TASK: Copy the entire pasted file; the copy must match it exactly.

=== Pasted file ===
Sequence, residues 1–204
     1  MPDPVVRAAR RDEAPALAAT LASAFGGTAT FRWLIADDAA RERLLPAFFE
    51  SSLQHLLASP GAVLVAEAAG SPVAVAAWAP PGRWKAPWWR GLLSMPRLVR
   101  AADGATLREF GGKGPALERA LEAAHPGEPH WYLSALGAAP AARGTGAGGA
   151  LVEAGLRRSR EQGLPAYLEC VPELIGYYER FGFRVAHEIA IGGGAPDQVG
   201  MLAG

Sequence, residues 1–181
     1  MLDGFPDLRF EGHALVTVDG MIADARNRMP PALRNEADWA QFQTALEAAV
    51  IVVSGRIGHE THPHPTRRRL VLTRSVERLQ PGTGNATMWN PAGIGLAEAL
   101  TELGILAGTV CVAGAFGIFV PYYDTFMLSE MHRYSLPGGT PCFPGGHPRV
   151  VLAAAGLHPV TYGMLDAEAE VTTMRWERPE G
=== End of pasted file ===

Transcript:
Sequence, residues 1–204
     1  MPDPVVRAAR RDEAPALAAT LASAFGGTAT FRWLIADDAA RERLLPAFFE
    51  SSLQHLLASP GAVLVAEAAG SPVAVAAWAP PGRWKAPWWR GLLSMPRLVR
   101  AADGATLREF GGKGPALERA LEAAHPGEPH WYLSALGAAP AARGTGAGGA
   151  LVEAGLRRSR EQGLPAYLEC VPELIGYYER FGFRVAHEIA IGGGAPDQVG
   201  MLAG

Sequence, residues 1–181
     1  MLDGFPDLRF EGHALVTVDG MIADARNRMP PALRNEADWA QFQTALEAAV
    51  IVVSGRIGHE THPHPTRRRL VLTRSVERLQ PGTGNATMWN PAGIGLAEAL
   101  TELGILAGTV CVAGAFGIFV PYYDTFMLSE MHRYSLPGGT PCFPGGHPRV
   151  VLAAAGLHPV TYGMLDAEAE VTTMRWERPE G